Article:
The first tool studies a handful of "golden utterances" (that is, reference commands suggested by the developers) to learn general syntax and semantics patterns. After that, it produces "rewrite expressions" that themselves create thousands of new yet similar sentences to work from. The system works quickly -- you could move from 50 utterances to a fully operational linguistic set in less than two days. Amazon's other tool uses guided resampling to replace terms that can be safely swapped, further improving the AI's training. The technique draws both on data from existing Alexa languages as well as media sources like the Amazon Music catalog, and it's capable enough to be aware of context (it won't swap a musician's name for an audiobook, for example).
Recent research has made impressive progress in single-turn dialogue modelling. In the multi-turn setting, however, current models are still far from satisfactory. One major challenge is the frequently occurred coreference and information omission in our daily conversation, making it hard for machines to understand the real intention. In this paper, we propose rewriting the human utterance as a pre-process to help multi-turn dialgoue modelling. Each utterance is first rewritten to recover all coreferred and omitted information. The next processing steps are then performed based on the rewritten utterance. To properly train the utterance rewriter, we collect a new dataset with human annotations and introduce a Transformer-based utterance rewriting architecture using the pointer network. We show the proposed architecture achieves remarkably good performance on the utterance rewriting task. The trained utterance rewriter can be easily integrated into online chatbots and brings general improvement over different domains.
On Thursday Amazon announced the Alexa Prize, a 1 million award for the creation of a conversational artificial intelligence that can talk to people "coherently and engagingly" for a third of an hour. To aid the endeavor, up to ten teams will get a 100,000 stipend from Amazon along with Alexa-enabled devices, free cloud computing and support from Amazon's Alexa team. The push comes as Amazon's digital assistant Alexa is coming to multiple platforms beyond its original home on Amazon's Echo speaker, and as artificial intelligence is anticipated to become the cutting edge of tech companies' interfaces with their customers. The Alexa Prize announcement comes the same day several of the world's largest tech companies announced the formation of a consortium aimed at fostering the promise of artificial intelligence.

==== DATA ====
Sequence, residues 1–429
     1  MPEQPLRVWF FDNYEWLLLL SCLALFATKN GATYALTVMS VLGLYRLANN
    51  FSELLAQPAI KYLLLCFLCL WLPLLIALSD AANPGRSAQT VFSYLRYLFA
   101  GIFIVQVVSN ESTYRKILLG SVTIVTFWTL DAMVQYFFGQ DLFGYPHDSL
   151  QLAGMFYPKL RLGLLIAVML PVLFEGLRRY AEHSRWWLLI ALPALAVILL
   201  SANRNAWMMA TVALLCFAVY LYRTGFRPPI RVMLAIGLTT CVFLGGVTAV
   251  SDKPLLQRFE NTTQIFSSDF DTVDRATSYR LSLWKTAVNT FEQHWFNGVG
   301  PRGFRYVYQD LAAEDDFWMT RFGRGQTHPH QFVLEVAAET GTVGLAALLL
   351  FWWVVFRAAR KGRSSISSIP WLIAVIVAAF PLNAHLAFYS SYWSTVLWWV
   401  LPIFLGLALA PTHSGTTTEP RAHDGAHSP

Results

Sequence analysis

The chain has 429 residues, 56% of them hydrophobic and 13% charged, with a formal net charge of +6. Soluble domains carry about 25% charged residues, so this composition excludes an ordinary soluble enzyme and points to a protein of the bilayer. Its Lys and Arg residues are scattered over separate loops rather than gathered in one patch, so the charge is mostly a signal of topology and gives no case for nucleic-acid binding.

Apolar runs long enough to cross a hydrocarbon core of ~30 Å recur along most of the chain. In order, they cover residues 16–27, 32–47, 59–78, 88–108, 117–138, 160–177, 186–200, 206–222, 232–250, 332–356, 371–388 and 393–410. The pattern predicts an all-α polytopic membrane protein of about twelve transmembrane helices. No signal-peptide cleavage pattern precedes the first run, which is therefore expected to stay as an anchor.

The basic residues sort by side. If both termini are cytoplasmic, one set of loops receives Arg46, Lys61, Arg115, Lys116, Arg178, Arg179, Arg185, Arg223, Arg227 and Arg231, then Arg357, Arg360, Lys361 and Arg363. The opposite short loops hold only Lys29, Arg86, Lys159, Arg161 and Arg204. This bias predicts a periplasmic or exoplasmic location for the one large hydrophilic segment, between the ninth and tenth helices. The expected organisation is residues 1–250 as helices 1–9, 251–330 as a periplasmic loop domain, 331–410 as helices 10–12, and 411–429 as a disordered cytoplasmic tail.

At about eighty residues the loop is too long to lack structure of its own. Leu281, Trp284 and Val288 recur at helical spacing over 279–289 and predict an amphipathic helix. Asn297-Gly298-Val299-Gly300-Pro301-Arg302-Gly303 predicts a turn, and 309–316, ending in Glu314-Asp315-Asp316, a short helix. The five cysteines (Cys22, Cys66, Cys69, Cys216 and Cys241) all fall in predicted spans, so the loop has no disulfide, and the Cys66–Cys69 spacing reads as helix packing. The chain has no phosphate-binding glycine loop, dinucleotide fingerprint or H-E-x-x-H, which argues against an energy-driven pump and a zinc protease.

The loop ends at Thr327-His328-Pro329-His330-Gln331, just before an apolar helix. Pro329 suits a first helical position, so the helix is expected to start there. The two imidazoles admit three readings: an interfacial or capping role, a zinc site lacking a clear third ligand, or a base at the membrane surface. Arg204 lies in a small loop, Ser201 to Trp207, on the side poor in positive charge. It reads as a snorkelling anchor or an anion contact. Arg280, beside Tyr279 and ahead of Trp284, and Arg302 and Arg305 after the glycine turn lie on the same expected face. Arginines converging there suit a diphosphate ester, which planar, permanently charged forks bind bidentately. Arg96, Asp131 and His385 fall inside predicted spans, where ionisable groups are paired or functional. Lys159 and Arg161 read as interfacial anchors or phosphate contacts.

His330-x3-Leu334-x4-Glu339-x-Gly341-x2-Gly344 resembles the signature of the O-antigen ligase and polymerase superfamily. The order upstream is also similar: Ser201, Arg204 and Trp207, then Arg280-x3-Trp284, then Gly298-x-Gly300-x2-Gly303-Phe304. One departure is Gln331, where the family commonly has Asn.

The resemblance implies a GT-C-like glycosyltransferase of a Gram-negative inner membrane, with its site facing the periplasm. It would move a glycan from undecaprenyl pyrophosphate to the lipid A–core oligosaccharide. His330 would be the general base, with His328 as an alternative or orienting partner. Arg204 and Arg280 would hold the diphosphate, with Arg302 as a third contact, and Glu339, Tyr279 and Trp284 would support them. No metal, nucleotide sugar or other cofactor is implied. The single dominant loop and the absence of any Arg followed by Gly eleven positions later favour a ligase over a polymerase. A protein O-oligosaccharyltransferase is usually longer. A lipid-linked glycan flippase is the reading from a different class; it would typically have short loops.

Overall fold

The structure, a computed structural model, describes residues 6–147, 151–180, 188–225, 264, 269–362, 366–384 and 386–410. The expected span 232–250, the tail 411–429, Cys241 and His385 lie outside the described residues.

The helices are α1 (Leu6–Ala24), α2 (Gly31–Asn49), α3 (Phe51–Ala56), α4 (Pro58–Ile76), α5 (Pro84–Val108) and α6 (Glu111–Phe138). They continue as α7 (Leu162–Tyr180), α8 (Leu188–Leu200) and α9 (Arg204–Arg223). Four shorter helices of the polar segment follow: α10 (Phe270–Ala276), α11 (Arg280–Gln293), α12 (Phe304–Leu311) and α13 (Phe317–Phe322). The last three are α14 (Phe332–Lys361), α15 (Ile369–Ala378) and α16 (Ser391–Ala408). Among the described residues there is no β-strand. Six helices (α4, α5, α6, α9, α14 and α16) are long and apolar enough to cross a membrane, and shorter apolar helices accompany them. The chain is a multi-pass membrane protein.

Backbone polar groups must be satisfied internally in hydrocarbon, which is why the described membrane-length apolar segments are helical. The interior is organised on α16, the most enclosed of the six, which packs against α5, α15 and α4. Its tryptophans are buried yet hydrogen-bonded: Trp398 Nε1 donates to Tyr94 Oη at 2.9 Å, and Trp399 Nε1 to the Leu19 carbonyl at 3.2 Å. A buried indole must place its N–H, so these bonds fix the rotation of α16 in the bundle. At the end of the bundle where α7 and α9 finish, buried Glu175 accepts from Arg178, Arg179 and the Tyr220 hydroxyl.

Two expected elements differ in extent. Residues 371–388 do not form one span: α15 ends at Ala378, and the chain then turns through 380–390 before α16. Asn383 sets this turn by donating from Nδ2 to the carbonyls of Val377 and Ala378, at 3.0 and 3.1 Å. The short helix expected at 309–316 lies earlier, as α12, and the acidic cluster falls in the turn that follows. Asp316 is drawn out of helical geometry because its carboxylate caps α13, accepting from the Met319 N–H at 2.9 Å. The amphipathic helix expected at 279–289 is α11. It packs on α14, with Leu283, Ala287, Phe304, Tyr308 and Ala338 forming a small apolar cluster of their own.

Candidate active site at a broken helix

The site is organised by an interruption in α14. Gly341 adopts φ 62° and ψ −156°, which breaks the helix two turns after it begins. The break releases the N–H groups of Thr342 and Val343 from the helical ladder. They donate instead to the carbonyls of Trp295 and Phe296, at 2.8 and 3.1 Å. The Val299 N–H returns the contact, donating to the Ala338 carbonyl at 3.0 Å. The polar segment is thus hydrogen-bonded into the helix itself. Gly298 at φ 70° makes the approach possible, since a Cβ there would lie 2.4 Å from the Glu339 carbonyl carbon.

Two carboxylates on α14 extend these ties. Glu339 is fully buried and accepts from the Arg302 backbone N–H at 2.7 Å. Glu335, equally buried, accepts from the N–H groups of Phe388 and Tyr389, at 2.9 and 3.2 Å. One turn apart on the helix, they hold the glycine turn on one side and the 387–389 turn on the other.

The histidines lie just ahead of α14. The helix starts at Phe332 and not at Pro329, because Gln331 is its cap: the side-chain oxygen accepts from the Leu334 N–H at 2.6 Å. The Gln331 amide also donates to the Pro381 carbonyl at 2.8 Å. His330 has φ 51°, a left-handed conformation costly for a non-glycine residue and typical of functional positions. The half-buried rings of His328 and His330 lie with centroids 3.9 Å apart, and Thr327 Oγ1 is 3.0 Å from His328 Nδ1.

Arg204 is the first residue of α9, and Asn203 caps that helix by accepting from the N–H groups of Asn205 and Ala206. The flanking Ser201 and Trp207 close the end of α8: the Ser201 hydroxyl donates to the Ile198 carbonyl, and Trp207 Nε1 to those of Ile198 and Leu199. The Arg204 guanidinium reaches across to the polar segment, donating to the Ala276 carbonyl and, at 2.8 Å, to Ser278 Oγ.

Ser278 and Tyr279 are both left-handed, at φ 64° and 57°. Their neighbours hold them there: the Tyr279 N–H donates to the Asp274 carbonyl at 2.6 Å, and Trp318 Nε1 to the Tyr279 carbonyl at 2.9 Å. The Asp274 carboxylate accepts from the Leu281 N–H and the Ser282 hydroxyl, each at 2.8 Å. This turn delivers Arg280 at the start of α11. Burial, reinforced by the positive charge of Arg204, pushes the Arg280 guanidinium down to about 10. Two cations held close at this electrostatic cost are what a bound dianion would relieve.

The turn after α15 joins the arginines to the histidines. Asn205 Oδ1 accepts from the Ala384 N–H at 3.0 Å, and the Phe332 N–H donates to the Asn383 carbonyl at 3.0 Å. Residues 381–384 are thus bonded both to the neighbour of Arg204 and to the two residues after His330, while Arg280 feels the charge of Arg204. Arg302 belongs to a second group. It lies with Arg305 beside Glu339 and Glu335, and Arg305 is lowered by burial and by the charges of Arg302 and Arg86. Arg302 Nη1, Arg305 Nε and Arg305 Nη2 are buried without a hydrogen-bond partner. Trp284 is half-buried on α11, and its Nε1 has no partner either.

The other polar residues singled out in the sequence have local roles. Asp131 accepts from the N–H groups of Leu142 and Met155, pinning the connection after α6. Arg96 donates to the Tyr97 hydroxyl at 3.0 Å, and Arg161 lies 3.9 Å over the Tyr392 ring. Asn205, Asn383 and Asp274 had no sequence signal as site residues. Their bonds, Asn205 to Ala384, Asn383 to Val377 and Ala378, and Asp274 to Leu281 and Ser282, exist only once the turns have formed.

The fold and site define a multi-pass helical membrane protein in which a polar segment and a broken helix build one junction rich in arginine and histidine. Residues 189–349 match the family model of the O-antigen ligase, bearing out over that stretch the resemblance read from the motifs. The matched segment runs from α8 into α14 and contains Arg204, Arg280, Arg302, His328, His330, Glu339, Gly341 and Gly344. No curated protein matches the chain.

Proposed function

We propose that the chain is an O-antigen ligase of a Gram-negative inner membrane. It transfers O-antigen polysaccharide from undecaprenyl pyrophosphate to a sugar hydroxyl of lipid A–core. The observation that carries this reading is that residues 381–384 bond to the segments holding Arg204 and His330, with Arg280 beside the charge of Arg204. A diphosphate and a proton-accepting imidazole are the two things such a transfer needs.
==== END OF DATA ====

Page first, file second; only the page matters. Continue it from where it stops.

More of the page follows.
How to effectively utilize the dialogue history is a crucial problem in multi-turn dialogue generation. Previous works usually employ various neural network architectures (e.g., recurrent neural networks, attention mechanisms, and hierarchical structures) to model the history. However, a recent empirical study by Sankar et al. has shown that these architectures lack the ability of understanding and modeling the dynamics of the dialogue history. For example, the widely used architectures are insensitive to perturbations of the dialogue history, such as words shuffling, utterances missing, and utterances reordering. To tackle this problem, we propose a Ranking Enhanced Dialogue generation framework in this paper. Despite the traditional representation encoder and response generation modules, an additional ranking module is introduced to model the ranking relation between the former utterance and consecutive utterances. Specifically, the former utterance and consecutive utterances are treated as query and corresponding documents, and both local and global ranking losses are designed in the learning process. In this way, the dynamics in the dialogue history can be explicitly captured. To evaluate our proposed models, we conduct extensive experiments on three public datasets, i.e., bAbI, PersonaChat, and JDC. Experimental results show that our models produce better responses in terms of both quantitative measures and human judgments, as compared with the state-of-the-art dialogue generation models. Furthermore, we give some detailed experimental analysis to show where and how the improvements come from.
The AI underlying assistants like Alexa gets better in part through manual data transcription and annotation, which takes outsized time and effort. In pursuit of a more scalable approach, scientists at Amazon -- noting that people tend to reformulate misinterpreted commands -- leveraged feedback from interactions to glean insights. In a paper detailing their work, they say that the automated self-learning system they deployed reduced errors across "millions" of Alexa customers. It's yet another step for Amazon along the way to a largely unsupervised and more human-like Alexa, as scientists and product managers from the company told VentureBeat in September. Such techniques have imbued Alexa with better contextual understanding of its surroundings with respect to smart home devices, as well as the ability to detect emotions like frustration in users' voices.